Don’t get me wrong with this post. I am a big fan of the changes and I always support development and new ideas.

However lately I was talking a lot with my colleagues and friends who stay and work in the hostels about the topic of this post. The conversations and my own personal doubts inspired me for writing this post.

Recently in the travel industry hostels are the hot topic. If you follow my blog you might noticed already that hostels are trying to fight with the prejudices about them which have been in people imaginations since forever.

You might already know why I love to be part of the hostels. That’s why keeping up with all the changes in the industry is really important to me. As it influence my hostel life and work.

Past few years gave me the possibility to work in a different types of hostels. From the small ones through medium sizes with 170 beds until the enormous ones where you have more than 500 beds. They were different not only in size but also in their character: from the family ones, through the party type and for the surfers, to the luxurious hostels.

And it makes me wonder in what direction goes hostels?

The basis of the hostel it is to give not only bed but also experience. To create unique atmosphere, where you feel like at home and between your friends. That is the point that differs so much hostels from the hotels.

Lately we here a lot about how the hostels change, how their designed interiors and ‘hotel standards in the prize of the hostel’ try to deliver the new quality to the life of backpackers. And not only backpackers – even beyond. Because right now we are in the times where hostels try to capture also different type of customers. Businessmen and people who normally would never look for accommodation in the hostels.

So it is very common lately to hear from the guests: “is it really a hostel?”

Here is the point… even if hostels success and try to adapt, the minds of the people are hard to change. They will not care if they are in the hostel or hotel. What they want is a space, comfortable bed, Tv, wi-fi and all the things that they already have in the hotel. They very rarely look for the atmosphere and a way to connect with other people.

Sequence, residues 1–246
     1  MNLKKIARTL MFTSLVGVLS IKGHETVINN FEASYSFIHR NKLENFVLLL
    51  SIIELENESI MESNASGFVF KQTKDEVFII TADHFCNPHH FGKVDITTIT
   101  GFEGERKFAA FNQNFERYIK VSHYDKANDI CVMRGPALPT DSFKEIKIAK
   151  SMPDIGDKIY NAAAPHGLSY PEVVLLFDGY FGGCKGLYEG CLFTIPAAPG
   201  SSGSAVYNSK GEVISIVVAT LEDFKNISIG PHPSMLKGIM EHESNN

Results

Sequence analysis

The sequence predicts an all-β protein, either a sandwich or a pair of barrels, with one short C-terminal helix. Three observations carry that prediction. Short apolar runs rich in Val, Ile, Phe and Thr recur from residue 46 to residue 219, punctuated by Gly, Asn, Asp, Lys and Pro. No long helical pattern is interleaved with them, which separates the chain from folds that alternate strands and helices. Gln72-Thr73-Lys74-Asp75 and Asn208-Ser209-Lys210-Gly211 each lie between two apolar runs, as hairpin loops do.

And for sure they will not want to hear excuse ‘sorry it is a hostel not a hotel’ as a reply to their complaints.

Working in a huge hostel brought new doubts into my head and makes me feel trapped between hotel and a hostel. A hybrid which I still don’t feel. For me it was always important that as a hostel staff I get opportunity to be part of the experience of the guest. And not only as a person who makes a check in and then goodbye. Eventually who needs to hear all the complaints.

You see this it the point. Where is the integration between guests, staff and a local way to live daily life of the hostel destination. Maybe it’s like my friend said: „I have the heart of a backpacker” so it’s hard to switch from the relaxed hostel feeling to a fancy kind of style.

I always try to treat guests in the way I would love to be treated. As a friends, trying to make them feel comfortable in a new place. So when it comes to the big, posh hostels you lose that feeling because people often do not treat you the same way.

Keeping low prizes (sometimes not even that happens) in the spirit of the ‘budget accommodation’ and creating special events doesn’t need to mean it is a hostel. Because as far as I’m concerned hostels apart from the shared dormitories should have unique atmosphere.

And from where comes that atmosphere?

For me it is obvious: from the mix of vibes of the staff and the guests. Both of these elements should share the experience together.

Because: The staff is not only there FOR the guests but also WITH the guests.

So when it comes to all those big posh hostels that are there: is it still a hostel or already a hotel? Or maybe that is a new kind of hybrid which should get a new name or label?

Should I stop to be so stubborn in repeating “yes, this is a hostel not a hotel” since I’m not even sure if it still is the truth?

Have you ever stayed in one of the big, fancy hostels? What was your experience? I really would love to hear your opinion!


Posted by Ewa Gabara

Posted by Ewa Gabara

Founder of Don’t Mess With The Receptionist. I geek out on hostels and I’m a long-time receptionist turned into a copywriter. I help the hospitality and travel brands conquer the world with words.

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